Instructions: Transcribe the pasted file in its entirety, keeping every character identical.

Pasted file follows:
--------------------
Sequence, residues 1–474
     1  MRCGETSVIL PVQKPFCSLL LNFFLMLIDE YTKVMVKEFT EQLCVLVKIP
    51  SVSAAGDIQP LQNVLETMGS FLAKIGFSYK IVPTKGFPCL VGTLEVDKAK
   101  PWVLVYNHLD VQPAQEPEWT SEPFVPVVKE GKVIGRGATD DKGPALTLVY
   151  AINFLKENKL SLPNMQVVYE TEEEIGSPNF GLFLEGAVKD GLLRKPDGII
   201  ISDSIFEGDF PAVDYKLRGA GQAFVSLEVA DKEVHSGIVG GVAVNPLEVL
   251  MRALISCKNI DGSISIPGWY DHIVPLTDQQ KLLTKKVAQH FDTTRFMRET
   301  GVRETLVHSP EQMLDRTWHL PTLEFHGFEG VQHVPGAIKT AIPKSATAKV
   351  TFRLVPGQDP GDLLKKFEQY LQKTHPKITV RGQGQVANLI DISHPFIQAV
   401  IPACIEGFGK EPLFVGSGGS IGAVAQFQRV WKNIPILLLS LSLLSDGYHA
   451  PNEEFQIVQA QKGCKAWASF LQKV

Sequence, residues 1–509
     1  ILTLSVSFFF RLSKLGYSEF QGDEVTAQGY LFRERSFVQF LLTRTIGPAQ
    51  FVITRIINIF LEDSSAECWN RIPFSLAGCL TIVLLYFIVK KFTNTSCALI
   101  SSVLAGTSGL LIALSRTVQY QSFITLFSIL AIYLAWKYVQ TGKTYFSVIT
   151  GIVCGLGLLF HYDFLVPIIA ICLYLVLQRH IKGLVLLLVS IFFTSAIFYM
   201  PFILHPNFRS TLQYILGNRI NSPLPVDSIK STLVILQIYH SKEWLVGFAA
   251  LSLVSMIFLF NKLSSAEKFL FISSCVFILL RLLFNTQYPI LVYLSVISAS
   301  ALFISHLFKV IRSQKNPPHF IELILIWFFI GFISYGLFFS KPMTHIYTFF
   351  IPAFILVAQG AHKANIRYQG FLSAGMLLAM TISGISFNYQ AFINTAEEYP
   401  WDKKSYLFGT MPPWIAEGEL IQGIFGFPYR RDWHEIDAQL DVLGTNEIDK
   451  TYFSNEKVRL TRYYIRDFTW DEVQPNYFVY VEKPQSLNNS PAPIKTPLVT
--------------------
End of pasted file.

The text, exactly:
Sequence, residues 1–474
     1  MRCGETSVIL PVQKPFCSLL LNFFLMLIDE YTKVMVKEFT EQLCVLVKIP
    51  SVSAAGDIQP LQNVLETMGS FLAKIGFSYK IVPTKGFPCL VGTLEVDKAK
   101  PWVLVYNHLD VQPAQEPEWT SEPFVPVVKE GKVIGRGATD DKGPALTLVY
   151  AINFLKENKL SLPNMQVVYE TEEEIGSPNF GLFLEGAVKD GLLRKPDGII
   201  ISDSIFEGDF PAVDYKLRGA GQAFVSLEVA DKEVHSGIVG GVAVNPLEVL
   251  MRALISCKNI DGSISIPGWY DHIVPLTDQQ KLLTKKVAQH FDTTRFMRET
   301  GVRETLVHSP EQMLDRTWHL PTLEFHGFEG VQHVPGAIKT AIPKSATAKV
   351  TFRLVPGQDP GDLLKKFEQY LQKTHPKITV RGQGQVANLI DISHPFIQAV
   401  IPACIEGFGK EPLFVGSGGS IGAVAQFQRV WKNIPILLLS LSLLSDGYHA
   451  PNEEFQIVQA QKGCKAWASF LQKV

Sequence, residues 1–509
     1  ILTLSVSFFF RLSKLGYSEF QGDEVTAQGY LFRERSFVQF LLTRTIGPAQ
    51  FVITRIINIF LEDSSAECWN RIPFSLAGCL TIVLLYFIVK KFTNTSCALI
   101  SSVLAGTSGL LIALSRTVQY QSFITLFSIL AIYLAWKYVQ TGKTYFSVIT
   151  GIVCGLGLLF HYDFLVPIIA ICLYLVLQRH IKGLVLLLVS IFFTSAIFYM
   201  PFILHPNFRS TLQYILGNRI NSPLPVDSIK STLVILQIYH SKEWLVGFAA
   251  LSLVSMIFLF NKLSSAEKFL FISSCVFILL RLLFNTQYPI LVYLSVISAS
   301  ALFISHLFKV IRSQKNPPHF IELILIWFFI GFISYGLFFS KPMTHIYTFF
   351  IPAFILVAQG AHKANIRYQG FLSAGMLLAM TISGISFNYQ AFINTAEEYP
   401  WDKKSYLFGT MPPWIAEGEL IQGIFGFPYR RDWHEIDAQL DVLGTNEIDK
   451  TYFSNEKVRL TRYYIRDFTW DEVQPNYFVY VEKPQSLNNS PAPIKTPLVT